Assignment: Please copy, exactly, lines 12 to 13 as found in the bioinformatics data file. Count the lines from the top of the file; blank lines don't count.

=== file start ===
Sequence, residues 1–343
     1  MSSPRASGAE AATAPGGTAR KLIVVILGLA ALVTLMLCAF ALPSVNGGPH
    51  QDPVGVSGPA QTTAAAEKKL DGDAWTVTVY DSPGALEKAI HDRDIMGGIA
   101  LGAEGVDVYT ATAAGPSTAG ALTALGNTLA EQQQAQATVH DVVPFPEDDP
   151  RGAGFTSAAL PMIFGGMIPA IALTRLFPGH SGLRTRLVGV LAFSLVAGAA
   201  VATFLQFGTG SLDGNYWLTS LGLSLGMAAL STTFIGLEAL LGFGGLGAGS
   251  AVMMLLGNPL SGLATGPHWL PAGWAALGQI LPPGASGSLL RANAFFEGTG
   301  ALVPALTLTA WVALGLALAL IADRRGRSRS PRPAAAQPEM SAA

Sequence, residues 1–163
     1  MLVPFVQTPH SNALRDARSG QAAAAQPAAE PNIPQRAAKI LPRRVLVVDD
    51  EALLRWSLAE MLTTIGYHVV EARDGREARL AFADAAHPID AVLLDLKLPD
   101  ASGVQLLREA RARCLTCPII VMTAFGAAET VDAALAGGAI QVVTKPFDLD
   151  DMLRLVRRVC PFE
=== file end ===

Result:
   101  ASGVQLLREA RARCLTCPII VMTAFGAAET VDAALAGGAI QVVTKPFDLD
   151  DMLRLVRRVC PFE